Most of us know at least a few people who identify as “pet parents.” In fact, many of us are actually pet parents ourselves. The phrase “pet parents,” in this context, is more than a person or a couple who owns companion animals. Pet parents, in general, do not see the relationship as a master-pet dynamic, opting instead for more of a surrogate child situation—even for those pet parents who actually have children of their own as well. For the most part, being a pet parent is a more serious approach to pet ownership than many are willing undertake but there is nothing inherently wrong with it. But, what happens when pet parents get divorced? Could either party ask the court for visitation rights with their beloved four-legged companion?
According to a ruling by an Illinois appeals court from the end of 2015, if you are a divorcing pet parent, you are on your own when it comes to making pet visitation arrangements.
In Re Marriage of Enders
The ruling was issued by Illinois First District Court of Appeals in a case that involved a couple divorcing after 10 years of marriage. During the initial divorce proceedings, the husband successfully petitioned the trial court for temporary visitation rights with the couple’s two dogs. He had left the dogs in his wife’s care when he had moved out before the divorce. Upon finalization of the divorce, however, the trial court vacated the temporary visitation order and gave the dogs solely to the wife.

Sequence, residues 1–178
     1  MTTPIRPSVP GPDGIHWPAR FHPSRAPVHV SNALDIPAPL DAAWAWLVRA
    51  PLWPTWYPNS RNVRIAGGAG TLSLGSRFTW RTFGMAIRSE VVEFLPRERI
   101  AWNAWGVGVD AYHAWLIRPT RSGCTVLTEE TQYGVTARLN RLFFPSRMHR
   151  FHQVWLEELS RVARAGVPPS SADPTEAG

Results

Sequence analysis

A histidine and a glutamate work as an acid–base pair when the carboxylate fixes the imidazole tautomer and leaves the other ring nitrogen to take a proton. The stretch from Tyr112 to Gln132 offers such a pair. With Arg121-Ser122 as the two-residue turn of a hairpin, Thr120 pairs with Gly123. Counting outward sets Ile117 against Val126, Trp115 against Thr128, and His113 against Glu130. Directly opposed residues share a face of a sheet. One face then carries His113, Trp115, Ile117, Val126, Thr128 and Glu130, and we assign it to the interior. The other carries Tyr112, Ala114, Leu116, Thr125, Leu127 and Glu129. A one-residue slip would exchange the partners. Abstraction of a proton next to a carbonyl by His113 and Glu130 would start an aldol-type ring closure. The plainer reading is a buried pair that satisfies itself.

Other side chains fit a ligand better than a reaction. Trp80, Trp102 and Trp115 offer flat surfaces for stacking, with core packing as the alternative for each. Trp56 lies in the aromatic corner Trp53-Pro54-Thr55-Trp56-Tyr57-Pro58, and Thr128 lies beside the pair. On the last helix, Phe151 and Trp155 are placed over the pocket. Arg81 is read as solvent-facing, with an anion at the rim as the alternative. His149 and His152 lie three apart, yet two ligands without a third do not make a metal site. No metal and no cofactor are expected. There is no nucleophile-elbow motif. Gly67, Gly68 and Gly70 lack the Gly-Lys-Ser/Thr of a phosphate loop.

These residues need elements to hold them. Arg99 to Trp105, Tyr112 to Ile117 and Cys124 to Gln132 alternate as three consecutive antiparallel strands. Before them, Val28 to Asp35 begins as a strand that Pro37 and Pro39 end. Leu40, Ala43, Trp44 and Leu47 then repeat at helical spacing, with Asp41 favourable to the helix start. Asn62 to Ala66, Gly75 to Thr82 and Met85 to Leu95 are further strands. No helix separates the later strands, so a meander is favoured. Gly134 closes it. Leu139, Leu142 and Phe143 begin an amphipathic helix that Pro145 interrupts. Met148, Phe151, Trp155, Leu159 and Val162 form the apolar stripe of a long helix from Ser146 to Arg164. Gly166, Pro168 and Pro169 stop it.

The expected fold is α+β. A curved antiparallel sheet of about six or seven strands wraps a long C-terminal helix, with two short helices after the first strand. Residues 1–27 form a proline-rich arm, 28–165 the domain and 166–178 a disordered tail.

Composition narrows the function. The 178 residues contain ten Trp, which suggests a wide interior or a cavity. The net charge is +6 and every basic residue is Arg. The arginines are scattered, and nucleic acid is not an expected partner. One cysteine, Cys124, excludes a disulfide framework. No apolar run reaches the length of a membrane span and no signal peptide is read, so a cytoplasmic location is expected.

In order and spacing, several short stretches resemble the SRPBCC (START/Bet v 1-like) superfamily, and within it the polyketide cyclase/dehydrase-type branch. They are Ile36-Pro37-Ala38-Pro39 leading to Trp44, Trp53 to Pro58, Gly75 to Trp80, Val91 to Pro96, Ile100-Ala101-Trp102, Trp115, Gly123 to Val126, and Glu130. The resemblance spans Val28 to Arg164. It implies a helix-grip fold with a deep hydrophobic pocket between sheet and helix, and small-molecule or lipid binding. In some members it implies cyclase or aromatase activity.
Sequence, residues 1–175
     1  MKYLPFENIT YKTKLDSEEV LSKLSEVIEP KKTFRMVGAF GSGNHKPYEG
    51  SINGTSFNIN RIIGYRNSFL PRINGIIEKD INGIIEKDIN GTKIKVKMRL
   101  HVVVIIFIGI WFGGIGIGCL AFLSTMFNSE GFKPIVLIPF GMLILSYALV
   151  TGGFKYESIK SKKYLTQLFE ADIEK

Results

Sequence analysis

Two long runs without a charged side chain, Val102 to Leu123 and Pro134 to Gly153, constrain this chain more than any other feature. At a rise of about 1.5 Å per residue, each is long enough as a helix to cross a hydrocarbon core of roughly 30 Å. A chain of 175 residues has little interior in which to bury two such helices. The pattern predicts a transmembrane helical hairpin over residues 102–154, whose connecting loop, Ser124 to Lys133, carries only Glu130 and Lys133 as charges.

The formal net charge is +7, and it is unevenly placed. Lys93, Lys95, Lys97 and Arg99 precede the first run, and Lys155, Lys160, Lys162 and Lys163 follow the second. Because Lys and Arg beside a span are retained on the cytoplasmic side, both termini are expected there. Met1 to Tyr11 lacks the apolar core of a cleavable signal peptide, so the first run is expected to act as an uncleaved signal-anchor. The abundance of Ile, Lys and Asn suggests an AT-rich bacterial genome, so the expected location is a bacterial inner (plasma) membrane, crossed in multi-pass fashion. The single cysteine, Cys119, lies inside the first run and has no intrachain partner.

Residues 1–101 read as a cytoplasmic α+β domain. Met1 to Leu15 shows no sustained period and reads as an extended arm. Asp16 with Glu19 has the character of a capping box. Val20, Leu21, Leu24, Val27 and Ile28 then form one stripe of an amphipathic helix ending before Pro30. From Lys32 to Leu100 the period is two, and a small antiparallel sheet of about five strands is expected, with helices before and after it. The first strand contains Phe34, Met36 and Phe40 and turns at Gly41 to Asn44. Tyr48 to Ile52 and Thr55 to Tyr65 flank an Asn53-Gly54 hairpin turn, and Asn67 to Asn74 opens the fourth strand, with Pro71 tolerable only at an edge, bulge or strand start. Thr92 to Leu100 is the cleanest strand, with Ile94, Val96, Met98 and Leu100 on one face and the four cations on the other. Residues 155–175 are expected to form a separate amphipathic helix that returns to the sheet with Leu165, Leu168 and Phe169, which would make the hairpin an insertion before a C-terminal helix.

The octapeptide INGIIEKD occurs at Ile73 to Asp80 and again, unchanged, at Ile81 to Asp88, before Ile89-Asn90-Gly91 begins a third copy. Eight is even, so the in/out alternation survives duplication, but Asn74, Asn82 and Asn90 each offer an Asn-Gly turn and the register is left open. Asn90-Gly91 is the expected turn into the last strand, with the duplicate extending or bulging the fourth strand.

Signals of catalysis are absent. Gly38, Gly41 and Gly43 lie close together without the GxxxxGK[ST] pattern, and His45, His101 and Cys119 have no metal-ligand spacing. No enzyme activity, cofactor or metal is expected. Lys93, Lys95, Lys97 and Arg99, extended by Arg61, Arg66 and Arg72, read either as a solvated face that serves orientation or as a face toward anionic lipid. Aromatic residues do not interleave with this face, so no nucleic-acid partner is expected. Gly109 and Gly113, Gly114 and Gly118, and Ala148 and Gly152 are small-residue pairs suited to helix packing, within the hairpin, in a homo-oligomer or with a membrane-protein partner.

On appeal, the man claimed that the trial court made a mistake in vacating the visitation order and that such visitation was in the best interests of the dogs. He also requested that the appeals court clarify that an Illinois court does have the legal authority to grant pet visitation rights.
Looking to Other States
Perhaps the most challenging part of the man’s claim was the fact that no previous cases in Illinois had actually addressed pet visitation before giving the court no precedent to utilize. Thus, the court was forced to look for other cases in states with similar divorce laws, finding a good example in a New York case from a few years ago. In that case, the New York Supreme Court would not apply “best interest of a dog” standard because, by law, animals are simply not considered as important as children. The New York court did acknowledge that companion animals are more than property, but maintained that awarding pet visitation would open the door to “endless post-divorce litigation.”
Applying a similar standard, the Illinois appellate court refused to overturn the lower court’s ruling and noted that a trial court is usually best suited to see, hear, and evaluate the parties to a divorce and their testimony. Both courts agreed that Illinois law only makes reference to pet ownership in the Animal Control Act, which specifies that an owner is “any person having a right of property in an animal, or who keeps or harbors an animal, or who has it in his care, or acts as its custodian.” In this case, the man left the dogs in his wife’s care, and she acted as their custodian. The court, as a result, found her to be the sole owner. With no references to pet visitation in the law, the court did not have authority to order it, and the appeals court refused to set a precedent that suggested otherwise.
Customize Your Own Agreement
The appeals court ruling does not, however, preclude divorcing spouses from negotiating their own agreements on pet custody and visitation. While the court will not make such a ruling, pet parents can certainly develop an arrangement that works for them and protects the health and well-being of their animals. To learn more about negotiating a divorce settlement agreement, contact an experienced Wheaton family law attorney. Call 630-904-3033 for a free initial consultation at Abear Law Offices today.